In order to consolidate the network of reservations, and reduce the numbers of non-Jews in Area “C”, Israel has built the Barrier, developed the reservation system & permit regime, conducts deportations, home demolitions, and extra-judicial executions. The fundamental difference with the USA is that the current demographic reality, combined with relatively low net Jewish immigration to Israel, ensures that the numbers of Jews will never overwhelm the numbers of non-Jews unless there are mass expulsions, as happened in 1948. This is unlikely in today’s international political climate, and there is currently almost parity of numbers between the Jewish and non-Jewish populations of Israel and the Occupied Territories combined.
So back to the original questions. Is this an “Occupation” that can be ended through Israel’s withdrawal of sovereign claims, and retreat to the Green Line? Or does this process constitute the consolidation of a colonial state? Has Israel implemented a form of Apartheid in the West Bank? Are we now in a post-colonial era?
Contradictory as it may seem, the answer to all the questions seems to be “yes”. However for the reasons mentioned above, none of the supposed “solutions” put forward by the UN, Quartet, by direct negotiations, or advocated by civil society activists, have been successful. A democratic single state, two states, or a federation is just not happening. Israel is moving forward and implementing the historic Zionist mission to establish and maintain a state controlled by Jews, and to expand it when expedient. There is an inexorable historic process at work here that played out in the Americas, Africa, and other regions that were settled by Europeans during the past few hundred years.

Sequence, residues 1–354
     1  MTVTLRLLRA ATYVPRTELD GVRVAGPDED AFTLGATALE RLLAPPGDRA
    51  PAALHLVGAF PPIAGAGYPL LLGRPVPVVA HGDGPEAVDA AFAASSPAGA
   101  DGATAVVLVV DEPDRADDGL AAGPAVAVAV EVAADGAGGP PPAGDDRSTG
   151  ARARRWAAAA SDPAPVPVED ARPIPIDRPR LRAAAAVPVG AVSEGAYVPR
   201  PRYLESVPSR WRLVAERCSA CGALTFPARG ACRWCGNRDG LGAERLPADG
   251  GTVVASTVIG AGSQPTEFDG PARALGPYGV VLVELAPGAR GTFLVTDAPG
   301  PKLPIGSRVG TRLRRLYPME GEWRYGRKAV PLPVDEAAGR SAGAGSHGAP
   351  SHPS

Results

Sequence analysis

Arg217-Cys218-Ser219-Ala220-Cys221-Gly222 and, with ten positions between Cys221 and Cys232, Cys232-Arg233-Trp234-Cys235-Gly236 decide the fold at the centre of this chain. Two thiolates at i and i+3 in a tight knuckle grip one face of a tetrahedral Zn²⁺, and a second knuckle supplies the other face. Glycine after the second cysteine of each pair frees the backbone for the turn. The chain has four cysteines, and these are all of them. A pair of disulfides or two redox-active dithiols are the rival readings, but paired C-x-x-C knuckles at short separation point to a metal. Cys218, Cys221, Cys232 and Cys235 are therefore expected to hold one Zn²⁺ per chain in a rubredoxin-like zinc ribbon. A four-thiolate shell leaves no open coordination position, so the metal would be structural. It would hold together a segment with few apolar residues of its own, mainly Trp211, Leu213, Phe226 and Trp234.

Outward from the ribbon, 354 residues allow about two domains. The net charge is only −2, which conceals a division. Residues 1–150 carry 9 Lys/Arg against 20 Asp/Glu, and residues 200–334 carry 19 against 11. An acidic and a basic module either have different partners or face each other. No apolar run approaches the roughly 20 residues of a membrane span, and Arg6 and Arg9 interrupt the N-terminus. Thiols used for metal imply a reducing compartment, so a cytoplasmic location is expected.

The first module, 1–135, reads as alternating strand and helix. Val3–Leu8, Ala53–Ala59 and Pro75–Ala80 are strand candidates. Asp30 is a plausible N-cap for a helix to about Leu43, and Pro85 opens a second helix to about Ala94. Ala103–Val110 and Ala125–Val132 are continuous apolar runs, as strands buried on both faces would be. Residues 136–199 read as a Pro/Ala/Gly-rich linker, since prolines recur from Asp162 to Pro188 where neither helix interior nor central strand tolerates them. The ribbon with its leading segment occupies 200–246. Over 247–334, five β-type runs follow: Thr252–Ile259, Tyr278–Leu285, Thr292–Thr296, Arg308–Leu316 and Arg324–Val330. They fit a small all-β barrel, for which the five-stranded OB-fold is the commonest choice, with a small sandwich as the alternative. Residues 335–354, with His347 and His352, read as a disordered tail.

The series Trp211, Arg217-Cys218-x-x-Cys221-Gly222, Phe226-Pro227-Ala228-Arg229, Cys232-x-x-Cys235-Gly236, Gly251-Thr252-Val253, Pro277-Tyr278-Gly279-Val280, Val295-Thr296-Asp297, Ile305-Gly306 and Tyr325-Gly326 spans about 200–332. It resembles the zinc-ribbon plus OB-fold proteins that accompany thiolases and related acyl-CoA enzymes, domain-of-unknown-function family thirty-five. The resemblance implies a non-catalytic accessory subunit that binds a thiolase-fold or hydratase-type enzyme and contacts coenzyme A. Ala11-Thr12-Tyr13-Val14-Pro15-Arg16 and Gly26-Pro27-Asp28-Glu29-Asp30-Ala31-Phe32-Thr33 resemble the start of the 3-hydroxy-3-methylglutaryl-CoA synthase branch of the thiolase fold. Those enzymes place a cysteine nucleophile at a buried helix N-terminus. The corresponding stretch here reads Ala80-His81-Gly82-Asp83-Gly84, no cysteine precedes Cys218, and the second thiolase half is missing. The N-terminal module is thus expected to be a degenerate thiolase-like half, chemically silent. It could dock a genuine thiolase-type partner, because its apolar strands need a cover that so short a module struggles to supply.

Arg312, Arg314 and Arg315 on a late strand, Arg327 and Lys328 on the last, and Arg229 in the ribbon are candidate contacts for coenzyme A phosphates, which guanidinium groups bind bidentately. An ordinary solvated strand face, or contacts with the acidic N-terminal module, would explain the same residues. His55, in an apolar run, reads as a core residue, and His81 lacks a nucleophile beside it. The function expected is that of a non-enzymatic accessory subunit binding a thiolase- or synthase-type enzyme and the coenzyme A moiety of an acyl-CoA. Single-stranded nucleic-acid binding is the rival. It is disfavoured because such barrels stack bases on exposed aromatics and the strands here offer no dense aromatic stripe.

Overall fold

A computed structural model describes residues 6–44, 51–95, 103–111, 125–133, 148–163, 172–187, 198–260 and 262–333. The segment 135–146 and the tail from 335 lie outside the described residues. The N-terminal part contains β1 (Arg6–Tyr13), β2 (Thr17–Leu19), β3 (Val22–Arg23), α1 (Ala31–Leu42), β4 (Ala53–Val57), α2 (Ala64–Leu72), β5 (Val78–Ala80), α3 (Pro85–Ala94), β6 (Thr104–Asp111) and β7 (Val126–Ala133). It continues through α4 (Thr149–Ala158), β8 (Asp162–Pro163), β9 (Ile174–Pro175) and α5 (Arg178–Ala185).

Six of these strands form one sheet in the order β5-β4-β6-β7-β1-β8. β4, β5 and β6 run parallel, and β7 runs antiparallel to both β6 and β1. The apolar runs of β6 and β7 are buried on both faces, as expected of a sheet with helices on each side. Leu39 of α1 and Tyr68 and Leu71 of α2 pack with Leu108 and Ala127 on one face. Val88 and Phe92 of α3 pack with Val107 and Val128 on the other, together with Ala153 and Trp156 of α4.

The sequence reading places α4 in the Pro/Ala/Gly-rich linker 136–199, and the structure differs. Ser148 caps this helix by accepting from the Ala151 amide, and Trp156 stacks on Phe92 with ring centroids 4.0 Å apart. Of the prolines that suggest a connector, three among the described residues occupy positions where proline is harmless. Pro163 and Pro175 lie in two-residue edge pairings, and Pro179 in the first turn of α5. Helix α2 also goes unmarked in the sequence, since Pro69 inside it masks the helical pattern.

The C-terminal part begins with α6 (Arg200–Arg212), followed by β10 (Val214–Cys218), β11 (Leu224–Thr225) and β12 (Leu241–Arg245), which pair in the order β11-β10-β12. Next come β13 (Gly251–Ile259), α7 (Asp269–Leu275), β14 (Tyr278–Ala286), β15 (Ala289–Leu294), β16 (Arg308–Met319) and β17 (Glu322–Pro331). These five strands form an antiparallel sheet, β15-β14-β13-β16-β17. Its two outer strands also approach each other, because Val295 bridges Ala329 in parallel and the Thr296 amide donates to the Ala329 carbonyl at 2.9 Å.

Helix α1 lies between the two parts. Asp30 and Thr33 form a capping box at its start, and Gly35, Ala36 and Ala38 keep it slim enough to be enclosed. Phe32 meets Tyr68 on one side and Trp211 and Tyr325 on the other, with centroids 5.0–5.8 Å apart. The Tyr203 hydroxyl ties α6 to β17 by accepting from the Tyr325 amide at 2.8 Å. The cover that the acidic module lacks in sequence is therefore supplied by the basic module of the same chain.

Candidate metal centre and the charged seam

The Zionist narrative and ideology diverges from other colonial enterprises in two important elements. Firstly, Zionism justifies Jewish immigration and control by citing a prior claim based on the connections between modern Jews and the ancient Hebrews of the Bible. The second is that the Zionist Enterprise was never sponsored by a state, but for more than a century has built a formidable network of state surrogates expressed in the collective strength of a variety of interlocking Jewish multi-national organizations, including the Jewish Agency, Jewish National Fund, World Zionist Congress, Jewish Colonial Trust Company (now Bank Leumi), AIPAC, Taglit Birthright, and others.
Nevertheless the process of settlement is remarkably similar to other colonial adventures.
The great question remains. Will Israel survive this process – as the USA survived as a Eurocentric colonial project, or will there be a transformational process such as happened in many African countries such as Algeria or Zimbabwe? In those cases the political control passed to the indigenous populations and most of the colonists departed, even if they were the descendants of the original settlers and arguably also indigenous. If the latter, then Zionism will not survive. It is possible though, that a kinder, gentler form of Zionism will eventually prevail, and some type of shared sovereignty or pluralistic society may emerge. In my view this is the likely outcome. However other options – Apartheid – Fascism – or other form of authoritarian government, are still possible, indeed probable in the short term given the power shifts and trends in Israeli politics.